The US dollar is currently mixed. Looking at the buck against its major global peers, the US dollar is weakest against the Canadian dollar today. Following Gary Cohn's resignation earlier this week, markets are waiting for President Trump to announce new tariffs later today. Last night, White House Press Secretary Sarah Sanders claimed that Canada and Mexico may receive a 30-day exemption from any new tariffs. Assuming NAFTA talks progress, the exemptions may be extended further. Trump is expected to impose duties of 25% on steel and 10% on aluminum imports. Many of America's largest trading partners, including the Eurozone and Japan, have threatened to retaliate. While the US dollar fell sharply following Cohn's resignation, the currency has since traded within a fairly narrow range. As we wrote yesterday, we expect the dollar to strengthen against the national currencies of countries targeted by Trump following the implementation of tariffs. In recent history, this is why the Canadian dollar has been weak relative to the US dollar. So far, the global impact from tariffs are unclear given the lack of details (beyond Trump's tweets). Our short-term outlook on the dollar is neutral, while our medium-term outlook remains bearish.
USD/JPY is down slightly today and currently trading above 105.90. EUR/USD is flat and trading above 1.240. The pound is flat, and GBP/USD is currently above 1.390.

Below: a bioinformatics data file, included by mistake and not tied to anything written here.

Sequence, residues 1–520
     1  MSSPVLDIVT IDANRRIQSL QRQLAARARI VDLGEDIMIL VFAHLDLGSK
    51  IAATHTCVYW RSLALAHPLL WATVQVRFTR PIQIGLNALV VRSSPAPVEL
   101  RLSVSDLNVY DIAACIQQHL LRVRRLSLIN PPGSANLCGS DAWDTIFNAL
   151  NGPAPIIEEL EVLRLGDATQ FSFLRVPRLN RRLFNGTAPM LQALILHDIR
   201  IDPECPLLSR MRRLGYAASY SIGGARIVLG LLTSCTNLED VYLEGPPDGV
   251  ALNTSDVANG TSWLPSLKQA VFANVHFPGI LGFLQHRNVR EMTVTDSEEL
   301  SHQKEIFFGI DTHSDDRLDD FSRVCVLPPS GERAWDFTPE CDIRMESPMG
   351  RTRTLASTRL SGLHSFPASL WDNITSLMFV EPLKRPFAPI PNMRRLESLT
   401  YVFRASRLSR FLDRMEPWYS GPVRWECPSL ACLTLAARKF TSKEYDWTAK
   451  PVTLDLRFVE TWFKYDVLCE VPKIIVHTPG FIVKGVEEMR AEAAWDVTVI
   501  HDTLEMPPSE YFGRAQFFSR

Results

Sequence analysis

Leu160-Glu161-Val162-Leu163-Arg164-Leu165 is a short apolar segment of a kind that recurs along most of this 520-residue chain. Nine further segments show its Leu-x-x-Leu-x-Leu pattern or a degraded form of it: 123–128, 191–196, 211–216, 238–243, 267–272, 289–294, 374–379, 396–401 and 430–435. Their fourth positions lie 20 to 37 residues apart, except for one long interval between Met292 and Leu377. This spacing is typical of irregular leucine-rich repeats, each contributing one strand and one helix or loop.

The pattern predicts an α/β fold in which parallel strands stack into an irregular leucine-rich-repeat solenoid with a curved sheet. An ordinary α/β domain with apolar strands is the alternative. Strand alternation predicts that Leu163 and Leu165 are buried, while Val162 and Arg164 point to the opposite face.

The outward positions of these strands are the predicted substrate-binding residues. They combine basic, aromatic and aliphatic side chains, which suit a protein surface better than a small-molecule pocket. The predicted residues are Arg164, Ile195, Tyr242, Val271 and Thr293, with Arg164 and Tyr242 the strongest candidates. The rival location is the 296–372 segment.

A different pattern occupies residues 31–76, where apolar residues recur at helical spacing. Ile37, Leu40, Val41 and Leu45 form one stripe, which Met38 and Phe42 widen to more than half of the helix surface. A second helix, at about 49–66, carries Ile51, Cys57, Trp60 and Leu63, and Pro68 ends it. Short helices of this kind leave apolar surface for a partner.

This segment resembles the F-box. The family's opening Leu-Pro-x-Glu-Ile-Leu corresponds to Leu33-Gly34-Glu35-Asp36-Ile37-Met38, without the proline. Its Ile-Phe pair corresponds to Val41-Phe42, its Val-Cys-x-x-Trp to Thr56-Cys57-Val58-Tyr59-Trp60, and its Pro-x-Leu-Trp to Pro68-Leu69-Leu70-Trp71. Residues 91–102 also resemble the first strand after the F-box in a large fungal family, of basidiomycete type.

Turning to US economic data this week, markets will be focused on PMIs and non-farm payrolls. Markit composite PMIs (55.8 vs. 55.5 expected) and ISM non-manufacturing PMIs (59.5 vs. 59 expected) both beat expectations. Fed Vice Chair Randal Quarles called for easing banking regulations (specifically: "material changes" to the Obama-era Volcker Rule). MoM factory orders (-1.4%) met expectations. Fed voting member Brainard said economic tailwinds could accelerate future rate hikes. ADP employment changes (235k vs. 195k expected) and nonfarm productivity (0% vs. -0.1% expected) beat consensus estimates. The trade balance (-56.6b vs. -55.1b expected) and consumer credit (+13.9b vs. +17.9b expected) were below estimates. Dallas Fed President Kaplan highlighted the need for 3 rate hikes given good growth, while Atlanta Fed President Bostic warned that trade wars may slow the pace of future hikes. Later today, we'll see initial jobless claims. On Friday, the most important day, we'll see nonfarm payrolls numbers, hourly earnings and the participation rate. Last week, Core PCE figures came within expectations.